Swainsonine itself may become toxic to an animal when administered over prolonged periods of time, even at recognized pharmacological levels [Stegelmeier et al., 2001, The clinical and morphologic changes of intermittent locoweed (Oxytropis sericea) poisoning in sheep, Proc. 6th Intl. Symp. Poisonous Plants, Glasgow, UK]. The specific length of treatment before swainsonine toxicity is evidenced will vary with the particular animal and the dose of the swainsonine compound. In most applications it is envisioned that swainsonine administration should not extend beyond about two weeks, although preferred treatment periods may be shortened to as little as about one week when administering high doses, or as long as about three weeks when administering low doses as described hereinbelow.

The method of the invention may be practiced with any animal susceptible to the toxins produced by any of the above-mentioned toxin-producing enteric pathogens, and particularly for those animals susceptible to the heat labile or heat stable toxins of enterotoxigenic E. coli (ETEC), and most particularly shiga toxins produced by Shigella species and enterohemorrhagic E. coli. The invention may therefore be practiced with a variety of animals, including, but not limited to swine, bovine, and primates, and particularly pigs and humans. Also without being limited thereto, the method may be used for the treatment of newborn, young or adult animals having normally functioning immune systems, and animals which are not immunocompromised but which are immunocompetent.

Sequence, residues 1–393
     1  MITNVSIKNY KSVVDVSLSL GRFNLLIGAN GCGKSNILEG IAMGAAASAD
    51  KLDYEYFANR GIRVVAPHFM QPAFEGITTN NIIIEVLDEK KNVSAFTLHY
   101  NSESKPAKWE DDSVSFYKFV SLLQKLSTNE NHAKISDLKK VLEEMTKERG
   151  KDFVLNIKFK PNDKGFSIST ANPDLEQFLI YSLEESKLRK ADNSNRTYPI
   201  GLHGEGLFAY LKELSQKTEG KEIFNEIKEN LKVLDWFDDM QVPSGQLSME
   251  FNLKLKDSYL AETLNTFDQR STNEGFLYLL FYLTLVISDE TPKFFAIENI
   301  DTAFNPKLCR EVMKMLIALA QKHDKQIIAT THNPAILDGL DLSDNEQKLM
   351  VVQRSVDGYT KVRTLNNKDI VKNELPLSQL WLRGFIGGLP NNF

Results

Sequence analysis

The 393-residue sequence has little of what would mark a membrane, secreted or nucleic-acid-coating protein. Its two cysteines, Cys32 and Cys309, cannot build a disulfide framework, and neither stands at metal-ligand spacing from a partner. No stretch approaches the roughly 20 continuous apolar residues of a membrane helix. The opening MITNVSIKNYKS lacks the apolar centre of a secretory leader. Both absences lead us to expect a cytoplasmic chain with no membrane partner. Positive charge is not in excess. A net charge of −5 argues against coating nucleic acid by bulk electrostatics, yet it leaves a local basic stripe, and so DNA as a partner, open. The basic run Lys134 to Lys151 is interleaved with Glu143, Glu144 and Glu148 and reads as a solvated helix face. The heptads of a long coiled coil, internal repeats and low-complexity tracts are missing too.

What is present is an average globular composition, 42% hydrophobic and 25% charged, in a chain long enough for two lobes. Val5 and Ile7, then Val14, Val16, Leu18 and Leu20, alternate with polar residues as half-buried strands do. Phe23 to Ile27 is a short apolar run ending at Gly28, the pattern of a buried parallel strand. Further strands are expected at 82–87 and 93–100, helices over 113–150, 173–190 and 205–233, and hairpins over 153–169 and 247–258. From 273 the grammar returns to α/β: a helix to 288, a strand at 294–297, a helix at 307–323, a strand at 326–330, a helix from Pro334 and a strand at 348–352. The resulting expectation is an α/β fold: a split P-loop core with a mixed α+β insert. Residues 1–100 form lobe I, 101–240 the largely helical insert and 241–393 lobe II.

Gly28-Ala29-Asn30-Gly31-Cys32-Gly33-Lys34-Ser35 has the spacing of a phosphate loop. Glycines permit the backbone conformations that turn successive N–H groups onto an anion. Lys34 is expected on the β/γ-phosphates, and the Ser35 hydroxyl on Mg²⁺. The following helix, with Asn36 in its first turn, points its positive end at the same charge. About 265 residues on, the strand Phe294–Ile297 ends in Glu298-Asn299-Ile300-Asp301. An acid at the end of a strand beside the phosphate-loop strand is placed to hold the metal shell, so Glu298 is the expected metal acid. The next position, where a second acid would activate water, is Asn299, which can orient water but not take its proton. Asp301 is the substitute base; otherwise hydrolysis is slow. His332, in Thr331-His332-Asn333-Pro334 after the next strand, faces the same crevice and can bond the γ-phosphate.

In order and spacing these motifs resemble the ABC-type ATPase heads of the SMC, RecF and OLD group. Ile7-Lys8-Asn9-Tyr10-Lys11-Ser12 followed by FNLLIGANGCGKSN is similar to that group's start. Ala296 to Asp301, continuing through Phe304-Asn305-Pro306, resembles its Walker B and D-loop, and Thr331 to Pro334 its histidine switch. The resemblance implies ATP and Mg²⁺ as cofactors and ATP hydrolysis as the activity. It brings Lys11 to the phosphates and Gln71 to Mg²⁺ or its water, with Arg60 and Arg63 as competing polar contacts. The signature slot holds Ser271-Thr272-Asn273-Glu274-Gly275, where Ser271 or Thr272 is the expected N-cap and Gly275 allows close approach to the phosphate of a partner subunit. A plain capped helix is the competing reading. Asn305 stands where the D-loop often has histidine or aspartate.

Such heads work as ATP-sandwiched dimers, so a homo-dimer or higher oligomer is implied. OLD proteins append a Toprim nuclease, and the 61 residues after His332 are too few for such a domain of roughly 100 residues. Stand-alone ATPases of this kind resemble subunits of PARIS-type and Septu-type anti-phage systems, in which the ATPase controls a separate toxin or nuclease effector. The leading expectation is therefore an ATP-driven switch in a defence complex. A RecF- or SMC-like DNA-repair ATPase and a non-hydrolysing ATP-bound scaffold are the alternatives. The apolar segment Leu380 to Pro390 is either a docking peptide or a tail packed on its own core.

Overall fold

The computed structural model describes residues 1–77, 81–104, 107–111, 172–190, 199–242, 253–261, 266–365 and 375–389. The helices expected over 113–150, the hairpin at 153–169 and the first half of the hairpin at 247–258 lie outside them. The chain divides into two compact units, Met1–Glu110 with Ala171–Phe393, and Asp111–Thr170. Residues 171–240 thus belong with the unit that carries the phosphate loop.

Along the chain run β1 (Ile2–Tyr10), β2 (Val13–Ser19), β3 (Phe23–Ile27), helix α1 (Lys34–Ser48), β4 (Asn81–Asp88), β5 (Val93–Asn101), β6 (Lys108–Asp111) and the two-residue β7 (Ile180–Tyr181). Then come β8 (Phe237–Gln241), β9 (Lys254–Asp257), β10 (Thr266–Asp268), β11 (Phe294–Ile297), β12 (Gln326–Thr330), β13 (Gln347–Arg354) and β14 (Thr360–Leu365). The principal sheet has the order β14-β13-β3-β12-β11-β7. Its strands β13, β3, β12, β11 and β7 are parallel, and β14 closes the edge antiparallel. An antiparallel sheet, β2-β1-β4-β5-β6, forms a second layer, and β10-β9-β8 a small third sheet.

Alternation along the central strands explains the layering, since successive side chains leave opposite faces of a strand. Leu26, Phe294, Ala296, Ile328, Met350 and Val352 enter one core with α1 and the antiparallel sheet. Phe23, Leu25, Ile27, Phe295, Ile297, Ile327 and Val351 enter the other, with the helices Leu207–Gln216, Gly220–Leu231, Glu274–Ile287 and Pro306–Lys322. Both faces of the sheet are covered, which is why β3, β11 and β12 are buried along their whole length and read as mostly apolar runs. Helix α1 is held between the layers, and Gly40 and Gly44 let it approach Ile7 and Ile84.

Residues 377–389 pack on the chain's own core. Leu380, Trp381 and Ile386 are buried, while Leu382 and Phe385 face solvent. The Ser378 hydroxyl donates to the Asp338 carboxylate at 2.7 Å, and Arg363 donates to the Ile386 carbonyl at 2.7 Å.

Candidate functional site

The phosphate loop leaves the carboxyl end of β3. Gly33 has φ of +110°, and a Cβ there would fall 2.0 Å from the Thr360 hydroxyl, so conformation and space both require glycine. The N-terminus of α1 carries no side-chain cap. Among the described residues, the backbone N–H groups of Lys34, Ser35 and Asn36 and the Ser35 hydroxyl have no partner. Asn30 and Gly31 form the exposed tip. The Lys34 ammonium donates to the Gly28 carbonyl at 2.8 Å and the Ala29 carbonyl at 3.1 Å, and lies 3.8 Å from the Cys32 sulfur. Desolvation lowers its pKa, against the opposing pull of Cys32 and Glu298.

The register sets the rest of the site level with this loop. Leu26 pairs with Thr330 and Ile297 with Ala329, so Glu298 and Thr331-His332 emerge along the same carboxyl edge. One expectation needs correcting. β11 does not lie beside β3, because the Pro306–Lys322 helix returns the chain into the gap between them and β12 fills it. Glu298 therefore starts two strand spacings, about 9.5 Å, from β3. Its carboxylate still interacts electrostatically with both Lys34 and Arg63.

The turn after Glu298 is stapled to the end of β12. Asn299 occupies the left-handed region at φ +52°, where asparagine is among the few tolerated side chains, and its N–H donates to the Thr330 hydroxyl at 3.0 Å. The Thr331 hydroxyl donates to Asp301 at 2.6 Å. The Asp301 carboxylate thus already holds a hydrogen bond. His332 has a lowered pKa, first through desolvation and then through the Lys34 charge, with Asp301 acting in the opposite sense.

In use, the swainsonine compounds are preferably administered orally to the subject animal, although the compounds may also be administered by alternative routes such as parenterally. Typically, the compounds will be introduced into the alimentary tract by combining with the animal's feed or water, followed by oral ingestion thereof. It is also understood that the compounds may be administered separately or in combination with other conventional treatments.